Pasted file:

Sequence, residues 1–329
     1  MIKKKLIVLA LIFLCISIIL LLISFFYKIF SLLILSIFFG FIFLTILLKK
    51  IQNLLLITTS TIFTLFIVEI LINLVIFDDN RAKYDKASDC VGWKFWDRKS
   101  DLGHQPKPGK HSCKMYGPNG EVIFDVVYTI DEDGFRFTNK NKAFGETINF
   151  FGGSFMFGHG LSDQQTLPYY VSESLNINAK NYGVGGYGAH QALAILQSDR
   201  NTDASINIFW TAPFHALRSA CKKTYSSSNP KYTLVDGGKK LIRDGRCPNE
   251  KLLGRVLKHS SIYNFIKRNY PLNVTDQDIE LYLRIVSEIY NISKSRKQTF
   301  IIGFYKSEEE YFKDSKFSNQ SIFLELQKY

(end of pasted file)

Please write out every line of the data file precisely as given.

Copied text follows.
Sequence, residues 1–329
     1  MIKKKLIVLA LIFLCISIIL LLISFFYKIF SLLILSIFFG FIFLTILLKK
    51  IQNLLLITTS TIFTLFIVEI LINLVIFDDN RAKYDKASDC VGWKFWDRKS
   101  DLGHQPKPGK HSCKMYGPNG EVIFDVVYTI DEDGFRFTNK NKAFGETINF
   151  FGGSFMFGHG LSDQQTLPYY VSESLNINAK NYGVGGYGAH QALAILQSDR
   201  NTDASINIFW TAPFHALRSA CKKTYSSSNP KYTLVDGGKK LIRDGRCPNE
   251  KLLGRVLKHS SIYNFIKRNY PLNVTDQDIE LYLRIVSEIY NISKSRKQTF
   301  IIGFYKSEEE YFKDSKFSNQ SIFLELQKY